Voters will decide the fate of 70/30 alcohol sales rule

Categories: News

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Quinn Dombrowksi
The 70/30 rule restricting Minneapolis neighborhood alcohol sales may soon be forgotten.

Minneapolis restaurateurs have passed the first hurdle in eliminating an onerous alcohol sales restriction, as the future of the 70/30 rule will be decided by voters in the city's upcoming November elections.

The 70/30 rule, put into effect in 1997, requires that Minneapolis restaurants in residential areas earn the bulk of their revenue from selling food -- at least 70 percent from food sales and no more than 30 percent from alcohol (more specifically, beer and wine) sales.

Back in February, restaurants including Broder's Pasta Bar, Tilia, and Turtle Bread Company sought to take back control of their businesses from the city charter, drafting a petition against the 70/30 rule.

See also:
Local restaurateurs petition against onerous alcohol rule

The petition originally requested that alcohol license guidelines be in City Council's control rather than the city charter. The Charter commission responded by agreeing to hold a referendum on the 70/30 rule, allowing Minneapolis voters to decide.

Roughly 70 Minneapolis restaurants are affected by the rule. For 70/30 restaurant owners like Molly Broder, this vote determines the long-term success of her three restaurants. The 70/30 rule was created in an attempt to curb a potential bar crowd from overpowering residential communities, but Broder insists we have nothing to worry about.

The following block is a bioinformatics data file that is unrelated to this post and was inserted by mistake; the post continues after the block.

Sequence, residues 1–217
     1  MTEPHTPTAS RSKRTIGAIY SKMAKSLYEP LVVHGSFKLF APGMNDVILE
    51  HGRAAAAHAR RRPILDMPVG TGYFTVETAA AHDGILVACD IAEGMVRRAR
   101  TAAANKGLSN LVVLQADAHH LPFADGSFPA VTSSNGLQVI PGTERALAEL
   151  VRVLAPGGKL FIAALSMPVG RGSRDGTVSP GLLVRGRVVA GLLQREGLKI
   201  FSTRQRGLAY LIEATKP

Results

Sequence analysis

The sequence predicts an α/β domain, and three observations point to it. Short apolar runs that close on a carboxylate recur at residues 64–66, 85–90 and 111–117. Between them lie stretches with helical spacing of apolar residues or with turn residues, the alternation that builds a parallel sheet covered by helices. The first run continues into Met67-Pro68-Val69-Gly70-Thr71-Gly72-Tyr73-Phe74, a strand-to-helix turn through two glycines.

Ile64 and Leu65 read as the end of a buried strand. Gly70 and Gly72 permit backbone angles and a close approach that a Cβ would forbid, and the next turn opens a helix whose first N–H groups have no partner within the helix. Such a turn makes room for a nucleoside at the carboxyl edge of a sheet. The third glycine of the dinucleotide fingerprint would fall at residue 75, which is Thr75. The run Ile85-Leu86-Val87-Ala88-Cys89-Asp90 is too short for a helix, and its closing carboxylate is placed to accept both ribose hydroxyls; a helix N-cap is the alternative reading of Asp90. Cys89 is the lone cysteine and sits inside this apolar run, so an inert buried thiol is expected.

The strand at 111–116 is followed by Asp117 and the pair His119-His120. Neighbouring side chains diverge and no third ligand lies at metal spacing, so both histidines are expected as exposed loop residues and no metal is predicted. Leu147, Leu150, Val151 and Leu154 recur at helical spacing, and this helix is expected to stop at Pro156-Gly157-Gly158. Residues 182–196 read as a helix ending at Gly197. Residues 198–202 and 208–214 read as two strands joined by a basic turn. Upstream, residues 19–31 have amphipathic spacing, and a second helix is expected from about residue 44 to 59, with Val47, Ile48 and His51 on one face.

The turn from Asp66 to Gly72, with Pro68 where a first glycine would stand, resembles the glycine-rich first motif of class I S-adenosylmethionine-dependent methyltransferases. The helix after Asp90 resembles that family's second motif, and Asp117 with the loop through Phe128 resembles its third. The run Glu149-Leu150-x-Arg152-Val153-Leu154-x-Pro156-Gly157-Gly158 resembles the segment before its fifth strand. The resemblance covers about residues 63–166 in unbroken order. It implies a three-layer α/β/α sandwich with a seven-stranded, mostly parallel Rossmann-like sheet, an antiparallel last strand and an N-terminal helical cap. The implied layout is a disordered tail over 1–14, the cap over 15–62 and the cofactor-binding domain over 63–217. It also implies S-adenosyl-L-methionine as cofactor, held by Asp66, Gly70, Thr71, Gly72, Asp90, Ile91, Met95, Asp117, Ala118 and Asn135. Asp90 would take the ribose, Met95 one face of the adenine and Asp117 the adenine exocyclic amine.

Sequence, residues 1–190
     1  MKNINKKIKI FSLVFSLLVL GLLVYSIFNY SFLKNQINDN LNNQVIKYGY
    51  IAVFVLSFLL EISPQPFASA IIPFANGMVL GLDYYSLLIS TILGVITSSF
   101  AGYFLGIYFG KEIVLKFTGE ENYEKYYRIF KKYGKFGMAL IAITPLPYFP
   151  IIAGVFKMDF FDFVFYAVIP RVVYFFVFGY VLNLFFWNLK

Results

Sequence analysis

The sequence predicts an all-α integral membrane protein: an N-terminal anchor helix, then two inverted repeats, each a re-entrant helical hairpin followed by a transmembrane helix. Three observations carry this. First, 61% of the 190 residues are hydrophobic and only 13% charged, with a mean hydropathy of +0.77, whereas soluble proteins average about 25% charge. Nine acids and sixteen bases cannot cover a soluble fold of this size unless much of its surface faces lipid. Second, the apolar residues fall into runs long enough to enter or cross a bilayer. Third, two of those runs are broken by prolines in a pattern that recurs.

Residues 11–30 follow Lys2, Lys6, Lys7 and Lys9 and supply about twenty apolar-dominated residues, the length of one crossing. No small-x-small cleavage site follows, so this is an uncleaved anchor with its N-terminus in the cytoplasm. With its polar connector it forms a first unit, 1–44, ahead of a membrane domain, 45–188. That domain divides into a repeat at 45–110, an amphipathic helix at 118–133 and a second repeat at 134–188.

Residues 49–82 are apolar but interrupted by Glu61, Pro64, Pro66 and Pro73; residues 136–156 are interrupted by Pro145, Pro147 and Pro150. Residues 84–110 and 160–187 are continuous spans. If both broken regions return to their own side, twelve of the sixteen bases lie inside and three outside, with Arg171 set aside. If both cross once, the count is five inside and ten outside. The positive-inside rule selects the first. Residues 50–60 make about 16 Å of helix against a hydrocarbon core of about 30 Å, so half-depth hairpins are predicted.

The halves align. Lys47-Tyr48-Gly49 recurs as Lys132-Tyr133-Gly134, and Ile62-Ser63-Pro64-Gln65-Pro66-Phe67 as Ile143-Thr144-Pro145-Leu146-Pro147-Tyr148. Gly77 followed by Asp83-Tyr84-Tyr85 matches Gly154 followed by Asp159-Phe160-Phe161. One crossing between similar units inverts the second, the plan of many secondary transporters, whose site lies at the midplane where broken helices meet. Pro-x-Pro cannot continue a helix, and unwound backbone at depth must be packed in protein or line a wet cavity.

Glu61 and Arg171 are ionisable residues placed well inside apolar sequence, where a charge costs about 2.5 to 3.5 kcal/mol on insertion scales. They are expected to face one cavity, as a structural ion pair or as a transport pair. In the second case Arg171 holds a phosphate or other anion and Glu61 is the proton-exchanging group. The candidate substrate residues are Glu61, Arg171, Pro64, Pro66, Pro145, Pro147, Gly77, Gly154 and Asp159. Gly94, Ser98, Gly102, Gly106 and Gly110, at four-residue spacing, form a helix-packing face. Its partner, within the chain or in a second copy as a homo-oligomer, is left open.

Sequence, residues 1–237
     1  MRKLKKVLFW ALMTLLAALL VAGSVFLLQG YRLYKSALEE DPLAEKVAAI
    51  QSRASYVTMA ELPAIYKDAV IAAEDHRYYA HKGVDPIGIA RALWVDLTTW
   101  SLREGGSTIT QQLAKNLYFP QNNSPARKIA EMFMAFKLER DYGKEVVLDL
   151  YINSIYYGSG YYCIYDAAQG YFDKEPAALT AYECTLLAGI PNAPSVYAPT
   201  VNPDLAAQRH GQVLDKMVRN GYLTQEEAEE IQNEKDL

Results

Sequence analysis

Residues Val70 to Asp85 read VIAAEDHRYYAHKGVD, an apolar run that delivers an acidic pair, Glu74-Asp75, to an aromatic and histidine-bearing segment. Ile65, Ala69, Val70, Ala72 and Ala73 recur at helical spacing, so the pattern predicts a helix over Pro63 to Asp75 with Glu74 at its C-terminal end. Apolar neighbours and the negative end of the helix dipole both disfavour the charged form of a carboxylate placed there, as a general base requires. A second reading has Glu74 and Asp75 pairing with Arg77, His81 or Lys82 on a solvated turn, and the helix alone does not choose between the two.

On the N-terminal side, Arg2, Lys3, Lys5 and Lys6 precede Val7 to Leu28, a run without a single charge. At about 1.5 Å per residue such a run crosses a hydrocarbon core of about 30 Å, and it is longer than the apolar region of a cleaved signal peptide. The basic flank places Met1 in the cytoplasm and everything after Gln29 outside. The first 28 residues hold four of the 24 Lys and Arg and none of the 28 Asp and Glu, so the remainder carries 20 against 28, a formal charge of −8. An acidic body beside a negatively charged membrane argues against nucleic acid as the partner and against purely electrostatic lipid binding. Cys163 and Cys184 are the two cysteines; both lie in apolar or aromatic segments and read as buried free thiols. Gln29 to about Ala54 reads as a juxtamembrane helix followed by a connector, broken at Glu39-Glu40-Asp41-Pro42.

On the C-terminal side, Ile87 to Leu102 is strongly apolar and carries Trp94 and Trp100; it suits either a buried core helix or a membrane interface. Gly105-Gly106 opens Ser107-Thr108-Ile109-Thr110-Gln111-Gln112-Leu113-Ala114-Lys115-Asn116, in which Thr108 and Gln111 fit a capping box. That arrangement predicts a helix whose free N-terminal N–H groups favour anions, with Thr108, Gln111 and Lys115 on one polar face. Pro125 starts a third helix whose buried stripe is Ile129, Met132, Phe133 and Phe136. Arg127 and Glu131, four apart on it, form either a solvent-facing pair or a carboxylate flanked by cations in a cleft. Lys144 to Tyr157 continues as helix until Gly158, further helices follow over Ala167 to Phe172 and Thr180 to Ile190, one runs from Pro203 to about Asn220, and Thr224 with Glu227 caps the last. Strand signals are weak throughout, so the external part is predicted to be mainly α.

"This is not a bar movement, this is a movement for restaurants," she says. "We're not trying to open up bars on every corner of the city, and that has never been the intention."

According to Broder, if the rule is amended, the City Council is still going to be harsher on the original 70/30 group than they will be on restaurants in more commercialized zones. Overall, however, it'll just be business as usual.

"There are many of us who are out of compliance," she says, "so it will [just] mean we won't have to worry anymore."

Despite the progress 70/30 restaurants have made in amending the rule, Broder isn't celebrating just yet.

"We have to educate the public," she says. "55 percent [of the public vote required] is a lot different than getting the majority of the City Council."



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27 comments
Noah Fentz
Noah Fentz

More bureaucratic red tape BS. Stay out of our bars politicians!!!

Jane L. Helgestad
Jane L. Helgestad

You can still have regulations in place about requiring an establishment to sell food.....but when you can have a very responsible 2 glasses of wine and a salad or sandwich and your 70/30 the OPPPSITE way then yes..... Something is wrong with the way this law is written and needs to be updated for sure!

Rosemary Erb
Rosemary Erb

I would rally for keeping this rule. I don't want to live next door to a neighborhood joint that can serve without food purchase. Call me biased but I really think there's more to life than craft beer or white sangria.

Chris Hiatt
Chris Hiatt

I'll tell ya what needs to go. Voting. All this pointless voting.